Calcium phosphate stones are actually pretty rare. While calcium oxalate stones comprise about 80% of all instances of nephrolithiasis, calcium phosphate stones typically occur only in a small subset of patients--about 5 to 10% of patients according to this source. In particular, calcium phosphate nephrolithiasis is encouraged by an alkaline urine. Thus, three conditions in which calcium phosphate nephrolithiasis may commonly occur are distal renal tubular acidosis, primary hyperparathyroidism, and milk-alkali syndrome.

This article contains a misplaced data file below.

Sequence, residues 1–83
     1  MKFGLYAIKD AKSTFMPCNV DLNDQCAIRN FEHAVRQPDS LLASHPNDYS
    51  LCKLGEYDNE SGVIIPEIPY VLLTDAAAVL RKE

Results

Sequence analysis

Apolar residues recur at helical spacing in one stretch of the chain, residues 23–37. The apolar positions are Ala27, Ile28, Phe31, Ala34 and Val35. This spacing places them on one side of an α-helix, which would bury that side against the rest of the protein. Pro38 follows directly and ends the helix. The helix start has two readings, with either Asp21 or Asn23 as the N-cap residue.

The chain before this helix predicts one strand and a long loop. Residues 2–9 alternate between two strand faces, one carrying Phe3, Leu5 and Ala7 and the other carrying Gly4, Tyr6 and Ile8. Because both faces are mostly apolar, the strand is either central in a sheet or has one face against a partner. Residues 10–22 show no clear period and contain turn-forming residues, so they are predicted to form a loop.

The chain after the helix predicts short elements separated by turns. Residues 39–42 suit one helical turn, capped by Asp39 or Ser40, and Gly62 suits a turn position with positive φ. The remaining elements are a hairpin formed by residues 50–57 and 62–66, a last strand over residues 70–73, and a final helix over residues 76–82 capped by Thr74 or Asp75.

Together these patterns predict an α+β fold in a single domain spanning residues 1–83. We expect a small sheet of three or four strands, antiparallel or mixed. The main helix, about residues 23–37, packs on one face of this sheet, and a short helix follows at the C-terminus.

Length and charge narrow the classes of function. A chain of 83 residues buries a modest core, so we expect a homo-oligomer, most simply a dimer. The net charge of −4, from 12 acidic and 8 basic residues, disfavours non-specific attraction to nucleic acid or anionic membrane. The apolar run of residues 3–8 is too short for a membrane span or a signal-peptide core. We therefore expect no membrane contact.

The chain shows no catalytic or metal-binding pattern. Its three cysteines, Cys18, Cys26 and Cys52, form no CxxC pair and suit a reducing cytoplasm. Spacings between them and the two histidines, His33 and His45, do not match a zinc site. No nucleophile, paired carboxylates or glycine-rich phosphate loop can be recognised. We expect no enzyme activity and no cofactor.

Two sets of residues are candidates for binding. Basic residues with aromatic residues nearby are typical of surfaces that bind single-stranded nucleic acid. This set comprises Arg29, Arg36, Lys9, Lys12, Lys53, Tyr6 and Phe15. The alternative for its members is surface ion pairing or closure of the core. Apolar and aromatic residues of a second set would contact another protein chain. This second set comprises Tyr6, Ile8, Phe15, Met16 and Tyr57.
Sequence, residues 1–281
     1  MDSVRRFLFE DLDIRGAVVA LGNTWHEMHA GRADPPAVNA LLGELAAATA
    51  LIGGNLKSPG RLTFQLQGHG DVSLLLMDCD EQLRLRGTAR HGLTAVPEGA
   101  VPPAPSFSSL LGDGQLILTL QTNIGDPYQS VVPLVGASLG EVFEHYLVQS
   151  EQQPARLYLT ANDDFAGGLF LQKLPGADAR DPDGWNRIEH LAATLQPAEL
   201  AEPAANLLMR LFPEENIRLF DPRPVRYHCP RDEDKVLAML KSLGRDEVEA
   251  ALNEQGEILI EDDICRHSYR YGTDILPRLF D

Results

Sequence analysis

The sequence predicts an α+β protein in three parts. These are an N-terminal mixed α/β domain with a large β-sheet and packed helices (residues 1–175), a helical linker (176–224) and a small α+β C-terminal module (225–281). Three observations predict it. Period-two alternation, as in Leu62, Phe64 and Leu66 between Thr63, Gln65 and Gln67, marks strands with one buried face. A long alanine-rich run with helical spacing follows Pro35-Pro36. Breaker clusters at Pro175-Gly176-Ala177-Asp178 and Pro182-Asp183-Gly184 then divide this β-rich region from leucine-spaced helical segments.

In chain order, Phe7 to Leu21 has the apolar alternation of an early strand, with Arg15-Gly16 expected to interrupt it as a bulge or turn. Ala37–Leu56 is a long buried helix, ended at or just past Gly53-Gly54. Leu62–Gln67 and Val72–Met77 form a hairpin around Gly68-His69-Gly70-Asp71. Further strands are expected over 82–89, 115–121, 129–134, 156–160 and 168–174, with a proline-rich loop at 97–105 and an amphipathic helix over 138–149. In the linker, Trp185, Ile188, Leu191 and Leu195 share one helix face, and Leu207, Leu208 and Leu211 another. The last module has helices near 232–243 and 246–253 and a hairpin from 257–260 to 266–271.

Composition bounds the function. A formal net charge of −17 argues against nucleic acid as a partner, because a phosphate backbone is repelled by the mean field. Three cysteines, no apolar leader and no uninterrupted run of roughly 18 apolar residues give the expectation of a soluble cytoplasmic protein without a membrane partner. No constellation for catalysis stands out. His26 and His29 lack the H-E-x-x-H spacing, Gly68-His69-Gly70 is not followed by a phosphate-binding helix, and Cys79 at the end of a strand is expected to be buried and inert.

In patients with distal (type I) RTA, there is a direct effect of acidosis which decreases renal calcium reabsorption; in addition, acidosis stimulates bone resorption (which increases serum calcium and phosphate levels) which can contribute to supersaturation of calcium and phosphate in the tubular lumen.